Not too long ago, The MasterCard Foundation launched its Rural Prosperity Fund with the goal of helping up to 1 million of Africa’s rural poor population escape the poverty cycle by improving their access to financial products and services.
The total $50 million commitment from the foundation included $15 million dedicated to an Innovation Competition, which supports the development of innovative ideas for financial products and services that are accessible to the rural poor in Africa. The remaining $35 million was committed to the fund’s scaling competition.
At the recent African Green Revolution Forum (AGRF) The MasterCard Foundation announced the inaugural winners of the competitions. The foundation gave away around $7 million to nine organizations advancing innovative work in financial inclusion for smallholder farmers in Africa. Among the biggest winners though, were the Alliance for a Green Revolution in Africa (AGRA) and Mercy Corps. These received $15 million and $25 million, respectively, from the foundation.
AGRA was established by the Gates and Rockefeller foundations in the mid-2000s due, in part, to former United Nations Secretary General Kofi Annan’s global appeal for a green agricultural revolution unique to Africa in an increased effort to help solve food insecurity.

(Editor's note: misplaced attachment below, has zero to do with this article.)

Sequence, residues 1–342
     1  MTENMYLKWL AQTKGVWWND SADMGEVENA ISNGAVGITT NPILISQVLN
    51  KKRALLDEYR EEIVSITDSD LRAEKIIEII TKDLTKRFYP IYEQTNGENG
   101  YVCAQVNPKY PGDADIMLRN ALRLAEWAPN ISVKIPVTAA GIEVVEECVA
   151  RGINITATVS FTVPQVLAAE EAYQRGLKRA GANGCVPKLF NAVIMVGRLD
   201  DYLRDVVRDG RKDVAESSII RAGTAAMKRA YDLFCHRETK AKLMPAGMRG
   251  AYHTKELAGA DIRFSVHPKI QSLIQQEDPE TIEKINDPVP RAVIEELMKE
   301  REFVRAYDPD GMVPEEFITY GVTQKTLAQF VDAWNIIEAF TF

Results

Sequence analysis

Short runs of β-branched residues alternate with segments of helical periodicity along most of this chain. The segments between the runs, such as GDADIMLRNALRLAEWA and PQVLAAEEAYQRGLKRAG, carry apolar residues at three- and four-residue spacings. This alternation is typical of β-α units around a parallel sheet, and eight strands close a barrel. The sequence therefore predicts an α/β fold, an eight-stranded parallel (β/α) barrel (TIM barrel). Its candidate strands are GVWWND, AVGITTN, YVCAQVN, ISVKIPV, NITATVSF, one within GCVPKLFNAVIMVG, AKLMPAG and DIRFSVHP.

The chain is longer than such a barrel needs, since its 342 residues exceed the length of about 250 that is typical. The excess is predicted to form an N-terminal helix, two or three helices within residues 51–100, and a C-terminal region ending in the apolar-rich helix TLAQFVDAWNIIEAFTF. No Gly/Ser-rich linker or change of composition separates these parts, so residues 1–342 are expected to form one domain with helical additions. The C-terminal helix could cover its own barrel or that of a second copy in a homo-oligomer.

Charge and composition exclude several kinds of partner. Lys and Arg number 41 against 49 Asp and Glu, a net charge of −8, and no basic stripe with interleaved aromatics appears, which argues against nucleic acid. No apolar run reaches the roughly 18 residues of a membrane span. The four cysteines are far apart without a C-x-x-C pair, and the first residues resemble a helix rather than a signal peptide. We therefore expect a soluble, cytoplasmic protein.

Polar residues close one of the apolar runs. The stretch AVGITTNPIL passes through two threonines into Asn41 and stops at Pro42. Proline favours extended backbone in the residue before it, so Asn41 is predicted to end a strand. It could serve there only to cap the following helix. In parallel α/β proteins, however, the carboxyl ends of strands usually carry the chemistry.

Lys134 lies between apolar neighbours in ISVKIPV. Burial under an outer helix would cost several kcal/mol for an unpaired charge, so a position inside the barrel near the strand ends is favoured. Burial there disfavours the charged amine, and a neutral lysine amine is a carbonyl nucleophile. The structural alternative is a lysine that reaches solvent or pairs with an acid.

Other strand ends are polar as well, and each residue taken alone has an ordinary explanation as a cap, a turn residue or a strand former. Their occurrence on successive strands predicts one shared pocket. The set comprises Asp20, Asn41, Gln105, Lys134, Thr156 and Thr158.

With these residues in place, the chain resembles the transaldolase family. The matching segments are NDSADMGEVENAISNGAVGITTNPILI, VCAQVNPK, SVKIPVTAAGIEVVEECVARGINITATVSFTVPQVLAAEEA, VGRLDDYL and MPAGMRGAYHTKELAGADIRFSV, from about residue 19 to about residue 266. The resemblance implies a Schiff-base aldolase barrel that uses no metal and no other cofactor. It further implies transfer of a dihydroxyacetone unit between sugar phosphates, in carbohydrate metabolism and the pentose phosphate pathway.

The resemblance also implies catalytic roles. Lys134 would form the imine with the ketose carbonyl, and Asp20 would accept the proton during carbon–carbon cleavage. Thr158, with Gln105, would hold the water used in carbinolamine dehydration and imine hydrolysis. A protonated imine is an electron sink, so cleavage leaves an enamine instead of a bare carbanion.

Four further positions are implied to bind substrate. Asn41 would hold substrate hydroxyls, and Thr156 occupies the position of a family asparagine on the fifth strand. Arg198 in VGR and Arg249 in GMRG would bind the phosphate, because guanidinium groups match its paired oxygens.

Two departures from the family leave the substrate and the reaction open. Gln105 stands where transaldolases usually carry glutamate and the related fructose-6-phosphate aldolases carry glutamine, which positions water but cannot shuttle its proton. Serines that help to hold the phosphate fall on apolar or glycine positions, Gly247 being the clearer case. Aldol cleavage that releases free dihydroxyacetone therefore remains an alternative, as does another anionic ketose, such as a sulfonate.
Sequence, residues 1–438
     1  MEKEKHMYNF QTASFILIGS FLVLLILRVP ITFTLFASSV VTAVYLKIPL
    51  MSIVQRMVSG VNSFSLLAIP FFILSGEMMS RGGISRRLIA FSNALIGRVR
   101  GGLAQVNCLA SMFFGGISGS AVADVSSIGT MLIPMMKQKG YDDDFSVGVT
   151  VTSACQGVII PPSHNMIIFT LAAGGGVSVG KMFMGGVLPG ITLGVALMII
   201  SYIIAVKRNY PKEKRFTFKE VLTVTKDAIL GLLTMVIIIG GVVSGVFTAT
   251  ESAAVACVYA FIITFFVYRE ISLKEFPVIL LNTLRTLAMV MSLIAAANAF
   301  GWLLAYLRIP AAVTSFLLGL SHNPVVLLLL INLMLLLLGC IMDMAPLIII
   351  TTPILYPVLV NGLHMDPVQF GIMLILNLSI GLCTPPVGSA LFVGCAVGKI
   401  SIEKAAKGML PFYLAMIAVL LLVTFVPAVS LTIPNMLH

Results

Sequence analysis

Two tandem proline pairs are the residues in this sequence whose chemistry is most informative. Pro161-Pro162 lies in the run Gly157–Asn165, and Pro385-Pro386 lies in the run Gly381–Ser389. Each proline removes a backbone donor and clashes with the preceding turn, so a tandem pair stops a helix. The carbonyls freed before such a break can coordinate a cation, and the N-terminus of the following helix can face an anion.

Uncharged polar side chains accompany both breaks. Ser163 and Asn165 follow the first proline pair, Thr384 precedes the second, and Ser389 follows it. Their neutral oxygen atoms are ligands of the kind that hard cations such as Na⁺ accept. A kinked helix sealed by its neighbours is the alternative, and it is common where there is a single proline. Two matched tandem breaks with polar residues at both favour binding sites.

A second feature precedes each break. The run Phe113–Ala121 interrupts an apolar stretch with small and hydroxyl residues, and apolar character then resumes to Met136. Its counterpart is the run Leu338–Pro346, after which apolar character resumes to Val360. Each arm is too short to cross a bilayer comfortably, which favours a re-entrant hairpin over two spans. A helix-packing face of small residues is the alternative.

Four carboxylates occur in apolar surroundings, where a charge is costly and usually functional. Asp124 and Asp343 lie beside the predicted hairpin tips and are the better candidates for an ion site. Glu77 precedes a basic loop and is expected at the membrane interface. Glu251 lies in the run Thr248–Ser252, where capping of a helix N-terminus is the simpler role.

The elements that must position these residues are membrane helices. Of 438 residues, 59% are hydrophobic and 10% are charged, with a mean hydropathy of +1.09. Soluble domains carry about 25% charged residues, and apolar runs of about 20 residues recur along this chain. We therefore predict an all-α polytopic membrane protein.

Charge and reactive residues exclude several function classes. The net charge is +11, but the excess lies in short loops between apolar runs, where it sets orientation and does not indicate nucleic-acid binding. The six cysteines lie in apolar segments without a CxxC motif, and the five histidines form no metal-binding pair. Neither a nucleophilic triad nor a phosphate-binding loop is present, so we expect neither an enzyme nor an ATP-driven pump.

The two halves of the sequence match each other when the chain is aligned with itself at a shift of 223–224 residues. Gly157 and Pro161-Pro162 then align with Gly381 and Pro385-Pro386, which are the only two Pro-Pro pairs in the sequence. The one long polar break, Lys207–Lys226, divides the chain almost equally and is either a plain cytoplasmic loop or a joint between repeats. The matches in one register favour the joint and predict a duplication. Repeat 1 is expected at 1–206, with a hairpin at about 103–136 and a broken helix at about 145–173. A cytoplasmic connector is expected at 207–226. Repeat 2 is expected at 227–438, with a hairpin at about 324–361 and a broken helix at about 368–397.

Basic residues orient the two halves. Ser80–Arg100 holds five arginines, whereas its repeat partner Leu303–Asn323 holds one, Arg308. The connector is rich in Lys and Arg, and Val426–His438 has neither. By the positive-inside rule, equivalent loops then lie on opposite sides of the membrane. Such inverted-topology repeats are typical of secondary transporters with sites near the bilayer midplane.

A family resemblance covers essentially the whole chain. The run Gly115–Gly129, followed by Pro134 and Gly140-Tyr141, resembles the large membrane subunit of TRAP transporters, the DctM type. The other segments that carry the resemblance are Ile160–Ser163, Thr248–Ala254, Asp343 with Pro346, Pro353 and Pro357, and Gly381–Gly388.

Now, AGRA has its hands in just about every issue related to advancing the economic security of rural farmers across 17 sub-Saharan African countries including (but certainly not limited to) seed systems, soil health, market access, policymaking and advocacy, gender in agriculture and finance.
The MasterCard Foundation’s $15 million award to AGRA is going toward its project to increase access to financial services and support for over 700,000 smallholder farmers in Ghana, Kenya, and Tanzania. The overall goal of the project is to help farmers increase crop yields and improve their economic security. While AGRA focuses its efforts on smallholder farmers in sub-Saharan Africa in general, this particular project is emphasizing female farmers.
Dr. Agnes Kalibata, AGRA President calls the project “well-aligned” with AGRA’s overall goals, highlighting that of the smallholder farmers the organization aims to help, 65 percent are women. AGRA wasn’t the only major agro-development outfit to walk away with a big win here.
Other big news announced by The MasterCard Foundation at AGRF was a $25 million partnership with Mercy Corps’ AgriFin Accelerate Program. AgriFin builds financial services and management tools aimed at helping smallholder farmers improve productivity, financial stability, and food security. Mercy Corps bundles its financial tools and services to make them more affordable for poor farmers around the world.
Access to financial products and services act as a gateway to improved economic security, which in turn, becomes a powerful tool for breaking generational poverty cycles. As far as The MasterCard Foundation’s work in this realm, perhaps AGRA President Dr. Agnes Kalibata put it best when she said, “By focusing on improving financial inclusion, The MasterCard Foundation is definitely addressing one of the weakest links in agriculture systems in Africa.”